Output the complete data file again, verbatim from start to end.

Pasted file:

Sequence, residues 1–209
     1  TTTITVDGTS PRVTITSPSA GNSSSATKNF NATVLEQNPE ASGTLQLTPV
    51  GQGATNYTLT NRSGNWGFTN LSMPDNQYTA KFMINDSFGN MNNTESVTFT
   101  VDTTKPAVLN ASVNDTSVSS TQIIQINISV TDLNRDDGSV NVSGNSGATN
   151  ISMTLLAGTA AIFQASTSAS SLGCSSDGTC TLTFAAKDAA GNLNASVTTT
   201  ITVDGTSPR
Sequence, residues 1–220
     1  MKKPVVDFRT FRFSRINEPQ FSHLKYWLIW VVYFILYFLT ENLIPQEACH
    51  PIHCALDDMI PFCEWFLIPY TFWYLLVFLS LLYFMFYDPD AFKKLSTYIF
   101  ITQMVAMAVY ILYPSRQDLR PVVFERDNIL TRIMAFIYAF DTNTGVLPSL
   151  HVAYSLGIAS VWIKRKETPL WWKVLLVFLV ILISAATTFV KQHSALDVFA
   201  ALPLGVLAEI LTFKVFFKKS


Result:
Sequence, residues 1–209
     1  TTTITVDGTS PRVTITSPSA GNSSSATKNF NATVLEQNPE ASGTLQLTPV
    51  GQGATNYTLT NRSGNWGFTN LSMPDNQYTA KFMINDSFGN MNNTESVTFT
   101  VDTTKPAVLN ASVNDTSVSS TQIIQINISV TDLNRDDGSV NVSGNSGATN
   151  ISMTLLAGTA AIFQASTSAS SLGCSSDGTC TLTFAAKDAA GNLNASVTTT
   201  ITVDGTSPR
Sequence, residues 1–220
     1  MKKPVVDFRT FRFSRINEPQ FSHLKYWLIW VVYFILYFLT ENLIPQEACH
    51  PIHCALDDMI PFCEWFLIPY TFWYLLVFLS LLYFMFYDPD AFKKLSTYIF
   101  ITQMVAMAVY ILYPSRQDLR PVVFERDNIL TRIMAFIYAF DTNTGVLPSL
   151  HVAYSLGIAS VWIKRKETPL WWKVLLVFLV ILISAATTFV KQHSALDVFA
   201  ALPLGVLAEI LTFKVFFKKS